March 3rd

Posted: March 3, 2013 in Uncategorized

Dear journal,

If I had a normal person’s work week (ha, what is normal?), I would be saying Thank Goodness It’s Friday. However, the only difference between weekend and weekday for me is when I make lunch (either in the morning, to be packed and eaten at school or work, or around noon). Speaking of which, the girls mentioned that they are more than capable of packing their own lunch, and Nick indicated that he didn’t mind doing his own either (Ellen is still battling the phone in the longest staring contest I have ever seen), so I guess there really isn’t a difference between weekday and weekend for me.

Friday, however, means that Andrew is coming home with Nick tonight, to have dinner with all of us. I don’t really know what to plan for entertainment beyond that – everyone might go their separate ways, or people might want to engage in a card or board game. Either way, I’m just excited to have something slightly different from routine to look forward to. I changed up my day by taking a run really early this morning, meaning that I was back just before the girls left for school, but that just left the rest of my day wide open. At least I got some grocery shopping done. I tried to get Ellen to come with me, but she figured that would be the exact time that potential employers would be calling. When I got back, carrying a few more bags than I should have carried by myself, she was in the same seat, and it didn’t look like she’d moved an inch. I just went about my duties, putting things away in the fridge and pantry, and preparing various items for meals I plan to cook over the weekend. I wish I could say where I got my culinary talents, but it likely wasn’t from Mother, who always preferred things that came in cans – they were easier to stock pile in the pantry than fresh foods. Making dinner, to her, meant finding the can opener (or one of them, anyway, since she seemed to keep at least four at all times) and heating a can of something on the stove.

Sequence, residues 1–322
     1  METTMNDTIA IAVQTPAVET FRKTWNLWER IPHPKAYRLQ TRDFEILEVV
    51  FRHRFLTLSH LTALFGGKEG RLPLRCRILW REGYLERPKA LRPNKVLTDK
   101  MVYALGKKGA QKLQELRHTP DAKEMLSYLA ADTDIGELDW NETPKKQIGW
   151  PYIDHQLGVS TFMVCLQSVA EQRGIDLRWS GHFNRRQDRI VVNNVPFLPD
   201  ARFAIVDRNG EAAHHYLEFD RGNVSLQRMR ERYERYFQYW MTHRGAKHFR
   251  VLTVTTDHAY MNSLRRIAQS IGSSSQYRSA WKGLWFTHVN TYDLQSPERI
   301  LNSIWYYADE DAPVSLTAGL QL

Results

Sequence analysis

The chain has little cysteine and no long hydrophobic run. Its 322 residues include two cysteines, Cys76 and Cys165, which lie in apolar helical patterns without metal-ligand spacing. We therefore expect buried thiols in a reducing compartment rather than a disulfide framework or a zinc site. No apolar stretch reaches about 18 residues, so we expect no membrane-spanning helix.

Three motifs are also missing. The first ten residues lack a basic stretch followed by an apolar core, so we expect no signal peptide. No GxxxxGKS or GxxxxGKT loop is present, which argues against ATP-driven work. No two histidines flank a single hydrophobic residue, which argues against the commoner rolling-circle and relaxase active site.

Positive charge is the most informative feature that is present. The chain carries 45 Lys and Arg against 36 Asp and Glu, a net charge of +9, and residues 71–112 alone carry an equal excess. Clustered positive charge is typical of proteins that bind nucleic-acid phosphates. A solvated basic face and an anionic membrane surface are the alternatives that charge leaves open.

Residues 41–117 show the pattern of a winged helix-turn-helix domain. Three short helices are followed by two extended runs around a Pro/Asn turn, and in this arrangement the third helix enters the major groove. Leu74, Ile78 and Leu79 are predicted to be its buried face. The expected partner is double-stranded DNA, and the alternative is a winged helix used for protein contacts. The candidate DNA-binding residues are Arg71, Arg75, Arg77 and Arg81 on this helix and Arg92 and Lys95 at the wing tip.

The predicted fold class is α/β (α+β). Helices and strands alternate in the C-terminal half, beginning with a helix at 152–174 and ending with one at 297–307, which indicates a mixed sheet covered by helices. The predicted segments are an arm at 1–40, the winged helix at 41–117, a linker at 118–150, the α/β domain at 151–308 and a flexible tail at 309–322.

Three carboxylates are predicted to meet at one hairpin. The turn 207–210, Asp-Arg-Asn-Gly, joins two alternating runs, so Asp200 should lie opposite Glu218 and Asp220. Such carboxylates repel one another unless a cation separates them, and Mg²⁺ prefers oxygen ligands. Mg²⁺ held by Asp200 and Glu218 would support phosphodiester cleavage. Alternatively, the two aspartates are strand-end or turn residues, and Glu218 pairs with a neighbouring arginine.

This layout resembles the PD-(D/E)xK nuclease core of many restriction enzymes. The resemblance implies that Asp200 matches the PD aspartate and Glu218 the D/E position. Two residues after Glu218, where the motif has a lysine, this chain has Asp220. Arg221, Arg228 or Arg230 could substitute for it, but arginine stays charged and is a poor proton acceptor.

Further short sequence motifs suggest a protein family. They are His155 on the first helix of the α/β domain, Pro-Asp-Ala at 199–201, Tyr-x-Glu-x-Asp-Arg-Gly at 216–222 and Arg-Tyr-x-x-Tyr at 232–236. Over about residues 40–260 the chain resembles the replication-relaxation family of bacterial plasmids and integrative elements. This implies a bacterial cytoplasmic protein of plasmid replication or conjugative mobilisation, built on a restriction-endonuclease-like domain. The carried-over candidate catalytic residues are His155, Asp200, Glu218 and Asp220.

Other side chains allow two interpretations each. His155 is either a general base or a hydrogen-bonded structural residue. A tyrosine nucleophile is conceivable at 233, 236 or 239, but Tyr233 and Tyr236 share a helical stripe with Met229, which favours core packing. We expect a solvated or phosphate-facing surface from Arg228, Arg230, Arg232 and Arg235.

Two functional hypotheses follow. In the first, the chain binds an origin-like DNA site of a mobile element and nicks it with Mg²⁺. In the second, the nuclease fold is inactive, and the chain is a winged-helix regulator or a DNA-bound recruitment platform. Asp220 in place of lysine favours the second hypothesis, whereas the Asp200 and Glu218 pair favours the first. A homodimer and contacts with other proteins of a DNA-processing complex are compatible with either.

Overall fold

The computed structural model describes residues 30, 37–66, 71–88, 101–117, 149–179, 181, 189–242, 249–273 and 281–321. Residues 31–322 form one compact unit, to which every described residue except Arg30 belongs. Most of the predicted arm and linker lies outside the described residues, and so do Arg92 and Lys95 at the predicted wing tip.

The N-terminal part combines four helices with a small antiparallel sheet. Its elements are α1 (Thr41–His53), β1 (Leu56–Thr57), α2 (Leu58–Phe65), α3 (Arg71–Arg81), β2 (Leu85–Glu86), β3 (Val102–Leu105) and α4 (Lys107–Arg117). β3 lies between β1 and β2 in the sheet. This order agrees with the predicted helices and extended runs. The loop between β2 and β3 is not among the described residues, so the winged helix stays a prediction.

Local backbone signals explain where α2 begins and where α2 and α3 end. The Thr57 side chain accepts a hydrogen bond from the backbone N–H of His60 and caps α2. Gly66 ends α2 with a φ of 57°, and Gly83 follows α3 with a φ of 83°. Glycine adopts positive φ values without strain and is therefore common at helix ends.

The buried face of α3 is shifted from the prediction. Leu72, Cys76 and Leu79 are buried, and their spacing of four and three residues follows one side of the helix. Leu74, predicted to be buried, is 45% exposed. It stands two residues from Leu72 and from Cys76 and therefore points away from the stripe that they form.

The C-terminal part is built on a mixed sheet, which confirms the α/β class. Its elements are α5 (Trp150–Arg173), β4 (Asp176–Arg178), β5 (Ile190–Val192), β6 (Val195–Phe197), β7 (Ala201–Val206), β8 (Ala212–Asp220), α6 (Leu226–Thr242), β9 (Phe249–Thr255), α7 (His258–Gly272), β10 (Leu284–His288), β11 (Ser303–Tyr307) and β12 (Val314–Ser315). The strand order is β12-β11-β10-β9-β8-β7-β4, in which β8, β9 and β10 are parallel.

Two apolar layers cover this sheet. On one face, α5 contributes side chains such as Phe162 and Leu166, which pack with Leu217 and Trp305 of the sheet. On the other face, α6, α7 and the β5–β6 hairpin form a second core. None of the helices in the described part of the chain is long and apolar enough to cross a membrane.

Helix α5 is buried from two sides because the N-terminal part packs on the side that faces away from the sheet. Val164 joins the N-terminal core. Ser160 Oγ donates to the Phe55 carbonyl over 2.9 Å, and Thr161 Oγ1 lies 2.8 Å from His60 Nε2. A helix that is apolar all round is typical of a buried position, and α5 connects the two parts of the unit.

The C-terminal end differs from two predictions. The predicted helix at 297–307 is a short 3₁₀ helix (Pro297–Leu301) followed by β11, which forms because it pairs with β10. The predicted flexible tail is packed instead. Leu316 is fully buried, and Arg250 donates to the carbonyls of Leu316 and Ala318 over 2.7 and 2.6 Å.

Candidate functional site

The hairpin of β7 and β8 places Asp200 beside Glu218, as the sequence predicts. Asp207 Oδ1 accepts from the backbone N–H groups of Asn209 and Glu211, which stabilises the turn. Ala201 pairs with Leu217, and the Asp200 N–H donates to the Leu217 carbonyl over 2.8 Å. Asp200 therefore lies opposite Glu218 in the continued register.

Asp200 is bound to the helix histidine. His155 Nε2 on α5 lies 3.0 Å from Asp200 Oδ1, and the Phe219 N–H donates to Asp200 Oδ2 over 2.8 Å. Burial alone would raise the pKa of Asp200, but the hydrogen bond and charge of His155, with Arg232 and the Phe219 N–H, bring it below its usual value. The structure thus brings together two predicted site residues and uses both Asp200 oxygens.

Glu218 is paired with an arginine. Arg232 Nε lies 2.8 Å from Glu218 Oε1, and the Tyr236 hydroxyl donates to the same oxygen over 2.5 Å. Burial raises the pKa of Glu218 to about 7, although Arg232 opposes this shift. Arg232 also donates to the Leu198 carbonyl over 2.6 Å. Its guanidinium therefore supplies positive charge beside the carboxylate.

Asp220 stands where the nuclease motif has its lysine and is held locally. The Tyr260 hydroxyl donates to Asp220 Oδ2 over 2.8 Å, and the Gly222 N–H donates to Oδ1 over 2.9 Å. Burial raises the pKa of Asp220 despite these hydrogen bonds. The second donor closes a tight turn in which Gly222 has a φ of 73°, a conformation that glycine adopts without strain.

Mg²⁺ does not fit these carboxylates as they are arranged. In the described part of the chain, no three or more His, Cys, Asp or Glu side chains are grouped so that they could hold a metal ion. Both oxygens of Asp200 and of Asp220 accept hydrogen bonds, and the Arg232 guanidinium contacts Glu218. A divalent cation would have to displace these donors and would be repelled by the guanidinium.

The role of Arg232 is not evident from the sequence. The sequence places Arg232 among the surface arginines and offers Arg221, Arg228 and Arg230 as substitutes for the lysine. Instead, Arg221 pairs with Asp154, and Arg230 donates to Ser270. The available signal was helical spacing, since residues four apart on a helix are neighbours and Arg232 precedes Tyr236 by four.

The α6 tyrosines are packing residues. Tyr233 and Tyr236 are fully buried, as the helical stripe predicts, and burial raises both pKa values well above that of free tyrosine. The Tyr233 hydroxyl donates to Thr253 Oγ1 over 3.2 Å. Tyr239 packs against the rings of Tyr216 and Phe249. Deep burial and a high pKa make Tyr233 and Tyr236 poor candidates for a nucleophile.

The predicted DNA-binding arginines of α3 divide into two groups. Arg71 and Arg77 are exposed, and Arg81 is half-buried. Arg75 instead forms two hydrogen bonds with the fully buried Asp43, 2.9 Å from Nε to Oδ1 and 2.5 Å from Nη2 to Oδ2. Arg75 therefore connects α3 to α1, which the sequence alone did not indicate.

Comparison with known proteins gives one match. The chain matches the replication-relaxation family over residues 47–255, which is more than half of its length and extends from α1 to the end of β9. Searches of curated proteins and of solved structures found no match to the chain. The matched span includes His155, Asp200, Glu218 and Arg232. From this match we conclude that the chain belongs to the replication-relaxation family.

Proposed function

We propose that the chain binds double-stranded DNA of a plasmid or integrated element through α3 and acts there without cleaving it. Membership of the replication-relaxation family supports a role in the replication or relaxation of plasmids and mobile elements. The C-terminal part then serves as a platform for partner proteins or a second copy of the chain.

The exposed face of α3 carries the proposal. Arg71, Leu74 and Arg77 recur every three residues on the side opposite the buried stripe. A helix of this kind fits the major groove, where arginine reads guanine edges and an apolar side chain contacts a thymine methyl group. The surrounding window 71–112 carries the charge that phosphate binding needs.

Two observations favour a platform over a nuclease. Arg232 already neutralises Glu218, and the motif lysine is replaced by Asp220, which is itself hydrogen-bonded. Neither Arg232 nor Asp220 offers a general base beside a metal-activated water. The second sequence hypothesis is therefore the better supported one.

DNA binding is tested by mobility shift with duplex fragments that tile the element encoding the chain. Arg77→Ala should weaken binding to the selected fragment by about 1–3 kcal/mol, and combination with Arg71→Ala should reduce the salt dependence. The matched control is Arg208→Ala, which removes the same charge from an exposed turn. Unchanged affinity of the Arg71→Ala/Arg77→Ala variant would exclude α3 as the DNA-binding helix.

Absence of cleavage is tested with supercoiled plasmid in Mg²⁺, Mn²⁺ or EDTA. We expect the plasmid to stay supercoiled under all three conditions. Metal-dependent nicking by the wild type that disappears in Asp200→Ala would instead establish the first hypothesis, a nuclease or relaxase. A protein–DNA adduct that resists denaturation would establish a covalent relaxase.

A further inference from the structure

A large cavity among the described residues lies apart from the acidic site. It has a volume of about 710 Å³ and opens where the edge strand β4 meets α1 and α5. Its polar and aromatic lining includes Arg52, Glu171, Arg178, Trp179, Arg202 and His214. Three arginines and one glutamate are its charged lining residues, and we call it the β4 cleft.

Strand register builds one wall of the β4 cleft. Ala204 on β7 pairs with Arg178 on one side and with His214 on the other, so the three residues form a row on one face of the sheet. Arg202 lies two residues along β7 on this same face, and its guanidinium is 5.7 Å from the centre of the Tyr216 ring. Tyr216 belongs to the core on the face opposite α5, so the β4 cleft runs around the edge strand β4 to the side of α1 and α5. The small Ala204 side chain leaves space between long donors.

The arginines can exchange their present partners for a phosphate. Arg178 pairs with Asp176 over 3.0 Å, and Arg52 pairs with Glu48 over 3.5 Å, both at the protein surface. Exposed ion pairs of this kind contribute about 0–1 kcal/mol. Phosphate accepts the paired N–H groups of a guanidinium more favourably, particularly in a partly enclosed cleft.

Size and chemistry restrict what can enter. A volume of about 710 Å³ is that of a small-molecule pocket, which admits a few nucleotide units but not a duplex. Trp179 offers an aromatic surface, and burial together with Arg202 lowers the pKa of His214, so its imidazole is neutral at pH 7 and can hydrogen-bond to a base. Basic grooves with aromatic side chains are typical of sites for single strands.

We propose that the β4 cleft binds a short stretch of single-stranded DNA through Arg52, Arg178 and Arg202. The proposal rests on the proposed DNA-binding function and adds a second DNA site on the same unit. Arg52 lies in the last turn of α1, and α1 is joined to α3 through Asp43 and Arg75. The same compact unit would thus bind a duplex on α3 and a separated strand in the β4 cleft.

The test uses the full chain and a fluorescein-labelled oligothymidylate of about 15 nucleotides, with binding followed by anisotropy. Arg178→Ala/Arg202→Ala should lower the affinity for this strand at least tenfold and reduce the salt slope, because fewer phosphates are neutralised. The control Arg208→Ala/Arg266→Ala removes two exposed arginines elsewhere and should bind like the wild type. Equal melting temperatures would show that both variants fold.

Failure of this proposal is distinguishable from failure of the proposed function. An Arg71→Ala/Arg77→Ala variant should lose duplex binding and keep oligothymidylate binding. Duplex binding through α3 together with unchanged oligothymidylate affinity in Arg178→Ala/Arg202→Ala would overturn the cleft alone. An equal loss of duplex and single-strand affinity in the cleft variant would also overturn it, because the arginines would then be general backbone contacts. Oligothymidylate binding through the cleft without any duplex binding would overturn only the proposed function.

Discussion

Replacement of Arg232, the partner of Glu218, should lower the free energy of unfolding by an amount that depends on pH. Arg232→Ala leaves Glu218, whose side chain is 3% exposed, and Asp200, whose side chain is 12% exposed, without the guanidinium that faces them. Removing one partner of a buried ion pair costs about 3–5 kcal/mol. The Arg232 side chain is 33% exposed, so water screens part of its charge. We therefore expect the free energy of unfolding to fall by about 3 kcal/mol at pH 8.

I ate out of that pantry for two months after she died, before I had to do any substantial food shopping. We would have been fine if there was a particularly harsh breach of the barricade, if only she had learned to lock the door.

At least all this new-found free time has given me an excuse to start going through all of the papers I found in the master bedroom (it feels weird to call it Mother’s old room, but also strange, in this context, to call it my room, because it wasn’t my room when I found the papers). Most of the ones I have looked through are just old junk, but a few have old photographs that are interesting, so this isn’t a total waste of time. At this point, and up until Ellen finds herself a job, I will leap at any chance to not have to watch her wait for the phone to ring. Before long, she’ll be checking for a dial tone every few minutes, just to make sure the phone is still working (which will lead to her worrying that they tried to call while she was checking, and since they got a busy signal, they moved on). Now that I think about it, I’m not sure what is worse: her looking at the phone or me imagining what is or could be going through her head. If I cannot stop focusing on what she is doing, I’m probably the one who needs to get a life in this situation.

Anyway, my hands are still black with old newsprint, so I better go wash up and get dinner on the go so we can have a pleasant evening – or something like that.



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